SD-raised colts help students earn scholarships
January 15, 2016
The AQHA Ranching Heritage Young Horse Development Program is proud to announce its 2014-15 scholarship winners.
Earning first place, a $2,000 scholarship and a Montana Silversmiths belt buckle was Kaitlyn Glass of Energy, Texas. For the competition, American Quarter Horse Youth Association members recorded their progress training a yearling bred by an AQHA Ranching Heritage Breeder.
Glass' project is the 2014 bay filly Big Madam Playgun by Big Playgun and out of Sarta Big Madam by Sarta Tari. She was bred by AQHA Ranching Heritage Breeder Sid Miller of Stephenville, Texas.
Second place was awarded to Kylie Krueger of Boyceville, Wisconsin, who worked with Lil Kota Frost, a sorrel filly by PC Cisco Frost and out of Ms Classy Sienna by Snip Of Colonel. The filly was bred by AQHA Ranching Heritage Breeders Jim and Joni Hunt of Open Box Rafter Ranch in Faith, South Dakota. For placing second, Krueger received a pair of Justin boots and a $1,500 scholarship.
Malabie Newman of Lincoln, California, placed third, working with the 2014 sorrel gelding RWS A Legendary Rio by Rios Santana and out of RWS Benito Bar Jill by Legendary Rock. He was bred by 50-year AQHA breeder Raymond Sutton Jr. of Gettysburg, South Dakota. For her hard work, Newman received a $100 gift certificate from Wrangler and a $1,000 scholarship.
Fourth place went to Mariah Voda of Tehachapi, California. Voda's project is the 2014 bay filly Twissel N Win by Twisselena and out of Fly To Win Misty by Kings Pep N Dry. She was bred by AQHA Ranching Heritage Breeder Cathie Twisselman of Santa Margarita, California. Voda received a $100 gift certificate from Wrangler and a $500 scholarship.
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The Young Horse Development Program was created to give AQHYA members an opportunity to learn the fundamentals of horsemanship. The horses used in the program were bred by AQHA Ranching Heritage Breeders, which consist of working cattle ranches with a remuda of at least five AQHA-registered mares that produce ranch horses. The participating Ranching Heritage Breeders offered weanlings for the program participants to evaluate, select or purchase, raise and train.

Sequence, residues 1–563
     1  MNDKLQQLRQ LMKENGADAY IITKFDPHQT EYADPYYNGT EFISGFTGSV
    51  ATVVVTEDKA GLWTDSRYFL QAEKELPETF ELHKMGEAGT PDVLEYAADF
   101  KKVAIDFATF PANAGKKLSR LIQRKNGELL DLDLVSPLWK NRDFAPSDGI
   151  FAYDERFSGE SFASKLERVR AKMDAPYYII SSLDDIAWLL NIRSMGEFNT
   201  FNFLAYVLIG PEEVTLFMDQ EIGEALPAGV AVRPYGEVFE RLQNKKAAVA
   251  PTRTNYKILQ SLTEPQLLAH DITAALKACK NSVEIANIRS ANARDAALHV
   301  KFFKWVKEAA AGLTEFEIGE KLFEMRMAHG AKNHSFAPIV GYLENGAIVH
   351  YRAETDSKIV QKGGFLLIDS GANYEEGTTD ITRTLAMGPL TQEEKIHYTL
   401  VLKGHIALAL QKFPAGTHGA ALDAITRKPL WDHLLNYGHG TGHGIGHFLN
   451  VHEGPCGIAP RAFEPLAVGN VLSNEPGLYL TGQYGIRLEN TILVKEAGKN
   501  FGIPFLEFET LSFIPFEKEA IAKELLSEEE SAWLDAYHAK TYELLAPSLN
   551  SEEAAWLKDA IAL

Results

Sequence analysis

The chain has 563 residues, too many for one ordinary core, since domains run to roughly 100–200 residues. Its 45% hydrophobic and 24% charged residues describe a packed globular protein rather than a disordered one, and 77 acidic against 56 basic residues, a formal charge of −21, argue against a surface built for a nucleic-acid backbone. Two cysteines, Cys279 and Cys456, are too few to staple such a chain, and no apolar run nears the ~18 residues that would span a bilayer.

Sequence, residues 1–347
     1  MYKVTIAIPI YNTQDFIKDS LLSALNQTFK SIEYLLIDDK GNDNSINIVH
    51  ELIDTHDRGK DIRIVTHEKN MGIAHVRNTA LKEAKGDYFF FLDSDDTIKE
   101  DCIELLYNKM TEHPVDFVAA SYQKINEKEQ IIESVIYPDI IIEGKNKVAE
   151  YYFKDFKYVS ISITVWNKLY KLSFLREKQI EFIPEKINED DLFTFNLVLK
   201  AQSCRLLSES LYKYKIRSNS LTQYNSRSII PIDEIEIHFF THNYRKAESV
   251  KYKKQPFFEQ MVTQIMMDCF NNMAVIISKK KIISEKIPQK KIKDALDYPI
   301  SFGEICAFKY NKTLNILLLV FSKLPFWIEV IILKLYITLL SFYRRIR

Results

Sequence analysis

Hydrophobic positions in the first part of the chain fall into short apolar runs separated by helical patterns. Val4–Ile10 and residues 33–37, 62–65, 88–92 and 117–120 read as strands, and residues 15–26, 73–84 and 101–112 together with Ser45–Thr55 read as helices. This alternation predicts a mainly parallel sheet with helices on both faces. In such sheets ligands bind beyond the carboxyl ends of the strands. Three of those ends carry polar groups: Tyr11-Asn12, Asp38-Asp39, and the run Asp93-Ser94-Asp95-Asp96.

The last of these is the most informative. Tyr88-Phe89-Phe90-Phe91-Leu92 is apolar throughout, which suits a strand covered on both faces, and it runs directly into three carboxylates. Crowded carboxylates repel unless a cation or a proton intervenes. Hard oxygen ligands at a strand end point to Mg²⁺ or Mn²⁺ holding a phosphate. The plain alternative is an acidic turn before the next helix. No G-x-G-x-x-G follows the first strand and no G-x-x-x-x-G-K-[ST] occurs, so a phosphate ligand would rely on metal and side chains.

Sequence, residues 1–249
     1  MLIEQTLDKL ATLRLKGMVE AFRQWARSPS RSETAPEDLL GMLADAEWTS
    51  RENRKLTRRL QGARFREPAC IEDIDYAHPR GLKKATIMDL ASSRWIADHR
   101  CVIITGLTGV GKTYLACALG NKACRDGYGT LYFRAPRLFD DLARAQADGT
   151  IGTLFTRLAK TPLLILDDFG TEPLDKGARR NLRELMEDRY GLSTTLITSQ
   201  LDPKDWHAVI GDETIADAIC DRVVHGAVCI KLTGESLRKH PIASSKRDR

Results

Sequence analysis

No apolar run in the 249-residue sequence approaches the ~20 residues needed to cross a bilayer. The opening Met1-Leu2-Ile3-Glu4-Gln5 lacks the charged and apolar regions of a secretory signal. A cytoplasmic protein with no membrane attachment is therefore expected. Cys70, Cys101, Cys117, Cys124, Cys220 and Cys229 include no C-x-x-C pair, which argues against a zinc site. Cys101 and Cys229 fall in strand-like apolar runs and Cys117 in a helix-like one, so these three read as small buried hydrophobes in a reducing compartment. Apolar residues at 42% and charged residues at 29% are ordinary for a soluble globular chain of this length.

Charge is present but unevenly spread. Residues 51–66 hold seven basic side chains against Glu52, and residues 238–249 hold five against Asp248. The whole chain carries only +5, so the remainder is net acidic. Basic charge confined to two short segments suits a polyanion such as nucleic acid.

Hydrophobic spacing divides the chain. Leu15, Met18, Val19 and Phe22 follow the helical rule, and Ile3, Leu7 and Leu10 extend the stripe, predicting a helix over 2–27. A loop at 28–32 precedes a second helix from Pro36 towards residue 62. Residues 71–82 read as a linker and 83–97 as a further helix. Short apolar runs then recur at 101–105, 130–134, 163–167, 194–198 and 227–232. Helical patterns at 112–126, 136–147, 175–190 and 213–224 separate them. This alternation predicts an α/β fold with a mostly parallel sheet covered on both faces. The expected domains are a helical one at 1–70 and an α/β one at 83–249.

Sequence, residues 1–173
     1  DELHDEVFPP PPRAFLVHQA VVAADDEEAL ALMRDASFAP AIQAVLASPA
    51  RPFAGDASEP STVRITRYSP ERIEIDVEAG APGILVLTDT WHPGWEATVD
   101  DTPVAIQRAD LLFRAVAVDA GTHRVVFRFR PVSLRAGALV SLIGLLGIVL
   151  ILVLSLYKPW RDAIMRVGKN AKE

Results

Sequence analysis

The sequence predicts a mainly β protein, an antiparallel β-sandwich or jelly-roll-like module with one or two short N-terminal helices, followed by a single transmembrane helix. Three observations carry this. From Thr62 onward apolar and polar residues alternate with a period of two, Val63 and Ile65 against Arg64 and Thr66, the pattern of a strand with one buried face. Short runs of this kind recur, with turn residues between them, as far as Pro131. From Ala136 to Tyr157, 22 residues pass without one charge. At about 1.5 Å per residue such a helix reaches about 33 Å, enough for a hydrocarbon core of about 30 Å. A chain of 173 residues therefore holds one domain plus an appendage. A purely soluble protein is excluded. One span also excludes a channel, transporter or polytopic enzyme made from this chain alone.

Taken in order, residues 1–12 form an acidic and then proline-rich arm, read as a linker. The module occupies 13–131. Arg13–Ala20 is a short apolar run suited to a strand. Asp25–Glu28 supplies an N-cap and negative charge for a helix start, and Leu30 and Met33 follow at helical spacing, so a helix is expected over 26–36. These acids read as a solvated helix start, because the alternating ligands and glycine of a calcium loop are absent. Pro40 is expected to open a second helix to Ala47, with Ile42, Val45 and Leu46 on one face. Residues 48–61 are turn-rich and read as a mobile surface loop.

"The Young Horse Development Program was developed to help youth gain hands-on experience in training horses," said AQHA Executive Vice President Craig Huffhines. "The program gives youth a mentor to learn from and showcase their hard work and dedication to their project. This will, in turn, give participants a skill set that will set them apart when applying for scholarships, college and jobs."
For the 2015-16 Young Horse Development Program, participants will raise their weanlings-turned-yearlings and document their monthly progress; participate in monthly webinars; complete monthly management assignments; track goals, such as competing in AQHA, 4-H, FFA or local horse shows; engage in mentoring sessions with local AQHA Professional Horsemen; and compile a video of themselves with their horse completing an in-hand trail pattern. Following project completion, a select number of scholarships and prizes will be awarded.
The deadline to apply for a weanling and to earn a scholarship through the 2016-17 project is July 31. To learn more about the Young Horse Development Program, visit http://www.aqha.com/yhd.
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